So if you fail to meet certain milestones, no matter how unrealistic you know they are, it can make you feel like you’re not good enough. It can also leave room for social comparison, which can negatively affect your self-esteem.

Anxiety in Emerging adults

With all the increased challenges it brings, the struggles of emerging adulthood can impact your mental health.

According to research, young people are far more vulnerable to mental health problems, with anxiety disorders being the most commonly diagnosed among emerging adults. Compared to other age groups, being in this age range also means the highest rates of depression.

And mental health problems like anxiety and depression can in turn delay your transition into adulthood, or make it harder.

They can also increase the likelihood of using unhealthy coping mechanisms. A 2016 review found that emerging adults have higher rates of substance use, such as excessive drinking.

How to take care of yourself during this life transition

Becoming an adult can be a difficult transition, but here’s what you can do to help minimise the stress.

1. Review your lifestyle.

It’s normal to experience stress from time to time. But if it’s impacting your ability to cope, it’s worth looking at your lifestyle choices and how they contribute to your stress. Perhaps you’re taking on too much at once, or losing much-needed sleep on nights out. By making certain adjustments and improvements, it can help release some of the stress. 

2. Prioritise your time.

Most of the time, when we’re experiencing stress, it’s because we have a lot on our plate. Learning to prioritise your time can help you gain back control. A great way to do this is by creating a routine or schedule that works best for you, keeping you on top of your responsibilities.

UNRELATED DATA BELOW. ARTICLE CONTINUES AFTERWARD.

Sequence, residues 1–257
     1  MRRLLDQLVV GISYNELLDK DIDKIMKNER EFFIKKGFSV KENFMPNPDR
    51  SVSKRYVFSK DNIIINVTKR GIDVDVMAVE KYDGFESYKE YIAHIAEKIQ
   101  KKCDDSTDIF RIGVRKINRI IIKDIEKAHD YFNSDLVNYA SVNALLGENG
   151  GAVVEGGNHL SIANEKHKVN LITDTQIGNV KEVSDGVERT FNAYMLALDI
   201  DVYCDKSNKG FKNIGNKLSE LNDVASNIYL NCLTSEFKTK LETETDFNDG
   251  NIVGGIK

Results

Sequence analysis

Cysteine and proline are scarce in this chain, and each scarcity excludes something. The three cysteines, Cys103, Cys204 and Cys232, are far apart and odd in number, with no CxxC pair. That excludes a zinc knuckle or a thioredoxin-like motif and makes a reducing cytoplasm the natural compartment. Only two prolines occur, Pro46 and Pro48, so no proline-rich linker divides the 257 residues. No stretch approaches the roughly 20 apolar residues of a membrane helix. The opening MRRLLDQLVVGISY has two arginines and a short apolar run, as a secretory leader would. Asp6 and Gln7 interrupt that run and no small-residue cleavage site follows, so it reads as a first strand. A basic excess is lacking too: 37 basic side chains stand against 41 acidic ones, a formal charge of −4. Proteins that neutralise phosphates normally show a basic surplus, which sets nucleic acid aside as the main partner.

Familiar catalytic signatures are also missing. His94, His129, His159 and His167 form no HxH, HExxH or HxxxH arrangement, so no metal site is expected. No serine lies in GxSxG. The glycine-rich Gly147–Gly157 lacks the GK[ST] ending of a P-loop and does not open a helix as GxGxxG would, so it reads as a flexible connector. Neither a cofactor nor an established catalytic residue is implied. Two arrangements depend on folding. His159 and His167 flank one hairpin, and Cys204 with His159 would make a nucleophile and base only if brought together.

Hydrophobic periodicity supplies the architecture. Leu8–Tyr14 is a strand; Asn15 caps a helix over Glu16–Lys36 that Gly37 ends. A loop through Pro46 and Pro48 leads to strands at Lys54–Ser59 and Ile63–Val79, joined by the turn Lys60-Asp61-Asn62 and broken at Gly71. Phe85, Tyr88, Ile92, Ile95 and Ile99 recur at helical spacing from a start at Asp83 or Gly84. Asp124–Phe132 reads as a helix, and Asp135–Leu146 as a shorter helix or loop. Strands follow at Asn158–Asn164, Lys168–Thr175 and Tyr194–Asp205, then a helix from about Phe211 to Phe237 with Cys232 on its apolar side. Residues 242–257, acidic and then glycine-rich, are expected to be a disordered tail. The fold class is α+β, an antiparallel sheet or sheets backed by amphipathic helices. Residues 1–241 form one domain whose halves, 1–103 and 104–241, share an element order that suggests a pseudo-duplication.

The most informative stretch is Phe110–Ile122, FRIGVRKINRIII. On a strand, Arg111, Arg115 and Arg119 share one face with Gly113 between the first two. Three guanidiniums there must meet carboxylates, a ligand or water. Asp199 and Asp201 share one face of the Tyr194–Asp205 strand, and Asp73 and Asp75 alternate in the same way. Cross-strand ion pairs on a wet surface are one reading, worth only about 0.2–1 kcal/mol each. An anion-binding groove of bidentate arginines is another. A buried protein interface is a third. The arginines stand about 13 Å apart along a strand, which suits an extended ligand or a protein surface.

3. Ease off the pressure.

Sometimes, we’re so eager to succeed we become unaware of the pressure we put ourselves under.  Getting to grips with your independence is a process. You don’t have to have everything figured out immediately. If you make a mistake or things don’t go as expected, try not to be hard on yourself. Remember, it’s all part of learning.

4. Lean on your support network.

Emerging adulthood is a vulnerable time, which is why important than ever to lean on your support network.

Too often, people assume that becoming a legal adult means you can no longer ask for help. That’s entirely untrue and can increase your sense of loneliness. You can always reach out for support and guidance when needed, no matter what age. Taking the time to speak to those you love most can make all the difference.

What types of therapy can help?

All types of therapy can help you gain a stronger sense of self and recognise and learn to use the inner resources you already have.

Cognitive behavioural therapy (CBT) is certainly a popular choice. A short-term psychotherapy, research has shown it effective for dealing with anxiety and stress. It focuses on addressing and transforming the thought patterns and behavioural choices that may contribute to your stress. 

Need support with adulting? Our top team of London-based therapists understands and can help. Or use our sister site where you can book UK-based registered therapists online


 

Claudia ColeClaudia Cole is a London-based writer and journalist. She is passionate about sustainable living, mental health, and wellbeing.

find a therapist

Related Posts

    Desktop - CTA Journalist Tablet - CTA Journalist Mobile - CTA Journalist

    close icon

    ASK US A QUESTION

    Dr. Sheri Jacobson

    ARE YOU A JOURNALIST WRITING ABOUT THIS TOPIC?

    If you are a journalist writing about this subject, do get in touch - we may be able to comment or provide a pull quote from a professional therapist.





    Yes, I am a journalist Click here to confirm you are a journalist